important side effect. We have so much code in our stdlib that it's hard to
maintain and fixes can get dropped on the floor. If this causes us to
re-prioritize what should be in the stdlib and trim it back to things we
consider critical to have in all Python releases, then IMO that's as a huge
win in maintainability and workload savings instead of carrying forward
neglected code (or at least help people focus on modules they care about
and let others know where help is truly needed).

Topic 2
Independent releases of the stdlib could be done, although if we break the
stdlib up into individual repos then it shifts the conversation as
individual modules could simply do their own releases independent of the
big stdlib release. Personally I don't see a point of doing a stdlib
release separate from CPython, but I could see doing a more frequent
release of CPython where the only thing that changed is the stdlib itself
(but I don't know if that would even alleviate the RM workload).

For me, I'm more interested in thinking about breaking the stdlib modules
into their own repos and making a CPython release more of a collection of
python-dev-approved modules that are maintained under the python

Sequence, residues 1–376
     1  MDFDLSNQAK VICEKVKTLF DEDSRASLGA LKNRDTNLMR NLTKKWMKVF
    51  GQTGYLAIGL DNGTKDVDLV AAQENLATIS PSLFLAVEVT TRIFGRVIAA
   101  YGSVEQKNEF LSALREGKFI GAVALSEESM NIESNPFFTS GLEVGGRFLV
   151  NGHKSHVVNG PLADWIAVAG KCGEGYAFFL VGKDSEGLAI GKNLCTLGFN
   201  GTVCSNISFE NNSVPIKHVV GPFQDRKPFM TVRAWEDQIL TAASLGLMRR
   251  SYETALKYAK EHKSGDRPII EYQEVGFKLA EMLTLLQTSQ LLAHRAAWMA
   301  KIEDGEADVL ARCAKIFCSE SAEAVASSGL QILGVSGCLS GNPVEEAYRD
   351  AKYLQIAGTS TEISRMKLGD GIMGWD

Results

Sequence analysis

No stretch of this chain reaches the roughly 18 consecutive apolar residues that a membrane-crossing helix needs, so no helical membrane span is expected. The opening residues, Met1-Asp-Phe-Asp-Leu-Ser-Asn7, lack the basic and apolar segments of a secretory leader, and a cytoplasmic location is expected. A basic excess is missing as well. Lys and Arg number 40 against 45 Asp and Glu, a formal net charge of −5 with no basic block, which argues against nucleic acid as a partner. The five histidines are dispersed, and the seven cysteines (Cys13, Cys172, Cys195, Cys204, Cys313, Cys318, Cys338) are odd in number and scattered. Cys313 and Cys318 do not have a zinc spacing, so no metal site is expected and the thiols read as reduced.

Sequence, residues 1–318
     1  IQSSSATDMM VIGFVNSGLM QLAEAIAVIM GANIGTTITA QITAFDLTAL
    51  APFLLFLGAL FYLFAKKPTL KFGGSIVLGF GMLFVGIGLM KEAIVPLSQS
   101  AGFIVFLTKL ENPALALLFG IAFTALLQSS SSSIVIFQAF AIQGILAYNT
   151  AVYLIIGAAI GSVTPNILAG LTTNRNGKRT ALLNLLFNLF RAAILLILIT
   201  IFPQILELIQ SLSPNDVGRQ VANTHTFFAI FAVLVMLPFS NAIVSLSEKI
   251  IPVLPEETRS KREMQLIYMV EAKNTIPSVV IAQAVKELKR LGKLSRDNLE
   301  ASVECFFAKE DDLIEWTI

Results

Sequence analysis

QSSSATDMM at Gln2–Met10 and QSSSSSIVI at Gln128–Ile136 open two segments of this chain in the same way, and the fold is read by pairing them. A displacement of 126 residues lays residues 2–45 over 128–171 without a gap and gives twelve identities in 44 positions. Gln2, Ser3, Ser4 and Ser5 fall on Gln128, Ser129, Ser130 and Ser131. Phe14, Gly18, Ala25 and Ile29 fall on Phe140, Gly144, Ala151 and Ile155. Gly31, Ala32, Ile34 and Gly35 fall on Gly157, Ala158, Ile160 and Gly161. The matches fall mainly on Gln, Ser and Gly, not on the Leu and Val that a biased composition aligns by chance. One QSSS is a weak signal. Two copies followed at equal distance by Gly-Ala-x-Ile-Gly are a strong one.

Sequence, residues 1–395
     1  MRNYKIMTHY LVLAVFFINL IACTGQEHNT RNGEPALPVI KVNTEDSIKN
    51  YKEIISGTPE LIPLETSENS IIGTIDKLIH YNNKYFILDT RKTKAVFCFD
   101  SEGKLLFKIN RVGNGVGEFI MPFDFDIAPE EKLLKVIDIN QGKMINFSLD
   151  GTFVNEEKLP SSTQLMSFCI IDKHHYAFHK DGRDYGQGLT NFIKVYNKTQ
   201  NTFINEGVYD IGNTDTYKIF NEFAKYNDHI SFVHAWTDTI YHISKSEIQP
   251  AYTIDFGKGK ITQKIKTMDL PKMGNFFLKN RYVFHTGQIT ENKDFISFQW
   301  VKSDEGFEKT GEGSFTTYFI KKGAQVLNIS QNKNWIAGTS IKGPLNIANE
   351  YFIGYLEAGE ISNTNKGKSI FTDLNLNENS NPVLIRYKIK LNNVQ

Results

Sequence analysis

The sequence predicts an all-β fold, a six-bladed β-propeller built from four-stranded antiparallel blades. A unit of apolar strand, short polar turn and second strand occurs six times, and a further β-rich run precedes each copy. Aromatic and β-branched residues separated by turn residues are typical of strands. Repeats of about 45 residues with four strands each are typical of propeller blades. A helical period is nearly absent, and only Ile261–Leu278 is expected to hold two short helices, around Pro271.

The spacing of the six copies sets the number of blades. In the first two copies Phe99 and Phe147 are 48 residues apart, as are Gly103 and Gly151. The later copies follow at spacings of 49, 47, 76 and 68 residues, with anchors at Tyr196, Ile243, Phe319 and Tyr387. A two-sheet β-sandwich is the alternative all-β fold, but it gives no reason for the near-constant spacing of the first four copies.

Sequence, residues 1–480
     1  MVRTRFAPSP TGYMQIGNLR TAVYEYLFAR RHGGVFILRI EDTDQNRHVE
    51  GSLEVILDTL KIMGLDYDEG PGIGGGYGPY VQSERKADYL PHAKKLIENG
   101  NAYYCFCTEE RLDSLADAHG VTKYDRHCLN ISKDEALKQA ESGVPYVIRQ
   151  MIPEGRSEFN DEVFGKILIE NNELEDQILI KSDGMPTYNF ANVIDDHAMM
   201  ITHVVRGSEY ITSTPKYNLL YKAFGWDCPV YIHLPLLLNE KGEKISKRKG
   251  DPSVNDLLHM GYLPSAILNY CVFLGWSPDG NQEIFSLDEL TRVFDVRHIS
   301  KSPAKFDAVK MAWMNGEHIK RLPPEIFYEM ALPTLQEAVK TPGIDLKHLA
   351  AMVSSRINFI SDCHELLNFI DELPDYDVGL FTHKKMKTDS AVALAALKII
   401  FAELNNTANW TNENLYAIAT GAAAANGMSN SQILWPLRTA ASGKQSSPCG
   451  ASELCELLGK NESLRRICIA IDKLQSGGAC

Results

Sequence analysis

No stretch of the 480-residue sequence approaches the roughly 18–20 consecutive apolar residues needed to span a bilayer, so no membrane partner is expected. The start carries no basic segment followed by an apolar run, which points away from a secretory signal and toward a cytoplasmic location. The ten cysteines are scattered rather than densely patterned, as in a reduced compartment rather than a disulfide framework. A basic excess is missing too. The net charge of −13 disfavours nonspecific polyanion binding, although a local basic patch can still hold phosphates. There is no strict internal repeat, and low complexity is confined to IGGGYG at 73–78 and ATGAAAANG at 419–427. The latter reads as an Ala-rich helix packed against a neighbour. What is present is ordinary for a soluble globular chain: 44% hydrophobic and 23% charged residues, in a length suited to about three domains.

organization on GitHub and follow our compatibility guidelines and code
quality along with the CPython interpreter. This would also make it much
easier for custom distros, e.g. a cloud-targeted CPython release that
ignored all GUI libraries.


> Cheers,
> Steve
> Top-posted from my Windows Phone
> ------------------------------
> From: Guido van Rossum <guido at python.org>
> Sent: ‎7/‎3/‎2016 7:42
> To: Python-Dev <python-dev at python.org>
> Cc: Nick Coghlan <ncoghlan at gmail.com>
> Subject: Re: [Python-Dev] Request for CPython 3.5.3 release
> Another thought recently occurred to me. Do releases really have to be
> such big productions? A recent ACM article by Tom Limoncelli[1]
> reminded me that we're doing releases the old-fashioned way --
> infrequently, and with lots of manual labor. Maybe we could
> (eventually) try to strive for a lighter-weight, more automated
> release process? It would be less work, and it would reduce stress for
> authors of stdlib modules and packages -- there's always the next
> release. I would think this wouldn't obviate the need for carefully
> planned and timed "big deal" feature releases, but it could make the
> bug fix releases *less* of a deal, for everyone.
> [1]
> http://cacm.acm.org/magazines/2016/7/204027-the-small-batches-principle/abstract
> (sadly requires login)
> --
> --Guido van Rossum (python.org/~guido)